WB Eve of the Men’s Semi-finals

Roger I think covered it all here.

He’s been reading my blog. Sam is dangerous, so is Cilic and Berdych. I brought all of this to light in my QF preview and elsewhere. Also, Roger points-out, good luck to Novak and Andy getting healthy. In my Rant, I clarified how important player health is to the health of the tour, as well – the health of all players.

My preview underscored the questions surrounding Novak and Andy; they were favorites for most people because not much was made of the injuries. Novak, in an interview after his retirement, said the elbow has been bothering him for a year and a half. And he was seeking treatment, aggressively, from his and the ATP’s physio since the beginning of the tournament. Not sure if this violates the tour’s version of HIPPA, or some other privacy clause for locker-room competitive banter, but that information should have “leaked.” Novak looked unconvincing throughout his soft draw but I sill thought he would rise – just like I thought he would rebound at the French. I keep waiting for this guy to come around; and, at the same time, I keep charting the Djokollapse, which is an unreal decline of a great player; this is beyond a slump.

But if I’d been better aware of the extent of his injury, he’d have been written-off July 3.

Again, I think Roger did well to shed some light on what’s left at this tournament in the video; it’s pretty simple at his point.

Cilic v Querrey

Cilic is dangerous (this we’ve been on since Netherlands and Queen’s). Querrey, though that was an upset (Murray’s injury report was perhaps too quiet, as well), is also dangerous. The big serve of both makes them formidable and they have good feet on grass, can pummel ground strokes, etc. Cilic’s resume may seem bigger (it is, no doubt, given his Cincy and USO titles), but Querrey’s recent exploits can’t be overlooked. He beat Novak at WB last year and this year he beat a surging Nadal and rampant Kyrgios in February (along with the hometown boy here on CC).

The Kyrgios match was especially interesting because the Aussie had just straight-setted Novak, was playing dominant/confident tennis, but the American took care of business. I watched this live and everything from the American, including the body language back-and-forth with the antic-ridden Aussie was impressive. The Yankee then beat Nadal in the final in straight-sets. Sure this is February 2017 we’re talking about, and Acapulco; but that’s some firepower he handled pretty decisively.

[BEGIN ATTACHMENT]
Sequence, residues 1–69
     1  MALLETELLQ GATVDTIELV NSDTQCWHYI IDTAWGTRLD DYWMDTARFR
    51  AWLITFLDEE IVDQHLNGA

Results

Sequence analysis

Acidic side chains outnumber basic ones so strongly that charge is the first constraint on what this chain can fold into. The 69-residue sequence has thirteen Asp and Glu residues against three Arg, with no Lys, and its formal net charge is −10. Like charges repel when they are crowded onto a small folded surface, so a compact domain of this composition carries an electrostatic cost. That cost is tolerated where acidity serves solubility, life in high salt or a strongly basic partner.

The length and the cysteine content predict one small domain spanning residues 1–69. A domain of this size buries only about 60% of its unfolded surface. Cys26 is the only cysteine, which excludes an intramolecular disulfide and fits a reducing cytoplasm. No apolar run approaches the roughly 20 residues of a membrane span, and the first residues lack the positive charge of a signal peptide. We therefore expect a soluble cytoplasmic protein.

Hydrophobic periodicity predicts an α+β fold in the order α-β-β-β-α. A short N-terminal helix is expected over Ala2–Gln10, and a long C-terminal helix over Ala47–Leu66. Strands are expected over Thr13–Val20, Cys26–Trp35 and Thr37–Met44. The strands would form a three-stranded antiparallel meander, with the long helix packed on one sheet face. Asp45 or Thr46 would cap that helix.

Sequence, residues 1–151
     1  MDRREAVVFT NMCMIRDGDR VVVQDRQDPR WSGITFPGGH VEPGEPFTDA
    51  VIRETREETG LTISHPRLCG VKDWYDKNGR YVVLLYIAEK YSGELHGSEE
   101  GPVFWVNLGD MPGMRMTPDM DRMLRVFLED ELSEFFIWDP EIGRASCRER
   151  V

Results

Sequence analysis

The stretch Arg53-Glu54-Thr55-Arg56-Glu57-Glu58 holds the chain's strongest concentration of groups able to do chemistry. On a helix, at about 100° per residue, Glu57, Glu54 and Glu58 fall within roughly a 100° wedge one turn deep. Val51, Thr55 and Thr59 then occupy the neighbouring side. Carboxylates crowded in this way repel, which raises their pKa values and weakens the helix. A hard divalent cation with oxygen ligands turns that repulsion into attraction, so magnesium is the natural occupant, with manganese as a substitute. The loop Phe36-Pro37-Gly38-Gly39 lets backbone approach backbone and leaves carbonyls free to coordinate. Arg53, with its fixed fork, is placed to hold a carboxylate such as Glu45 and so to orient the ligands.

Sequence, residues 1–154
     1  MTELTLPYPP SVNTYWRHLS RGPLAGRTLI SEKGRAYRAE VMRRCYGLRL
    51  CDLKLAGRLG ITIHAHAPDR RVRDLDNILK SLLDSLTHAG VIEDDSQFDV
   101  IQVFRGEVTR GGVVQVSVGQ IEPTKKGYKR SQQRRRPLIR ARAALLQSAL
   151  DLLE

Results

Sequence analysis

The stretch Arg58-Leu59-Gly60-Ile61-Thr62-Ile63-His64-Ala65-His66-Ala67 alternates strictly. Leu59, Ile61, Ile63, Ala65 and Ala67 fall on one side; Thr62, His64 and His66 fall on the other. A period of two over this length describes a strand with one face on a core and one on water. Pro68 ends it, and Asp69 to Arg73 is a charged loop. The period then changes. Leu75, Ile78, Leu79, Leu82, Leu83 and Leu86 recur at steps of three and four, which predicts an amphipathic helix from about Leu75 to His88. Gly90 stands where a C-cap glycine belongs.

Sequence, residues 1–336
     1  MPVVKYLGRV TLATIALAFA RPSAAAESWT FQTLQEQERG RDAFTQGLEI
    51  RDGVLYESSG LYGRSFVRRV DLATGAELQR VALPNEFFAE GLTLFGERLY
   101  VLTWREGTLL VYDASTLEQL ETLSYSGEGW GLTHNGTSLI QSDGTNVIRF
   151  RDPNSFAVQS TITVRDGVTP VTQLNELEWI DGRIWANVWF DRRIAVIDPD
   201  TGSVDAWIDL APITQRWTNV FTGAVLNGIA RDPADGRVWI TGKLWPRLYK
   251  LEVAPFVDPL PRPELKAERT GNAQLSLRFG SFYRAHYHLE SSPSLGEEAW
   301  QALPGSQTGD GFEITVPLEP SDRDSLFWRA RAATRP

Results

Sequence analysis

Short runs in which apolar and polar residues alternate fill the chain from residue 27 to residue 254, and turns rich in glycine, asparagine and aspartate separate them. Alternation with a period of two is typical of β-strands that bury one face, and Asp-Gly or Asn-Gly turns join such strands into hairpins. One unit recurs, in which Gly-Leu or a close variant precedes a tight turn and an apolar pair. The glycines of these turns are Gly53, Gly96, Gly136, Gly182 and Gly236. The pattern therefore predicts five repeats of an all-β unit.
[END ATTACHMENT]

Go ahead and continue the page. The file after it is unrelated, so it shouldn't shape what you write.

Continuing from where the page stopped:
Either way, good on Querrey for getting the job done against Andy, in emphatic bakery goods, 1 and 1 in-front of the home-crowd on Centre Court to advance to the WB SF. Pretty much a break-through match despite all of the big matches I’ve been referring to here in my case for Querrey. He’s in a semi-final match at the Championships.

Cilic is rolling. I might add that the 5-setter against Muller after Muller played a week-end holiday long R16 match against you-know-who probably isn’t ideal for the Croatian. You lean Marin here, based-on his potential form (he’s shown that kind of high level before on this stage), where the big serve and quick-strike tennis could dictate terms to Sam. But if Sam can find his feet, put pressure on Cilic’s serve, find rallies, we could be in to a long match, a kind of coin flip match. Sam can certainly go five. Can he get it to five?

That’s the real theme here: the read is a Cilic v Federer final, but some surprise and unexpected has taken a seat at our table, causing a bit of a scene.

PS Keep our eye on the Cilic FH that has been known to let him down.

Federer v Berdych

Federer should win this match. If Berdych wins, it’s an upset. What makes Berdych a little more, for me, than just a big hitter who has beaten Federer before is that match in March, in a Miami QF, where the Czech veteran held MP in the third set TB. That was 2017 Federer and Berdych played him even.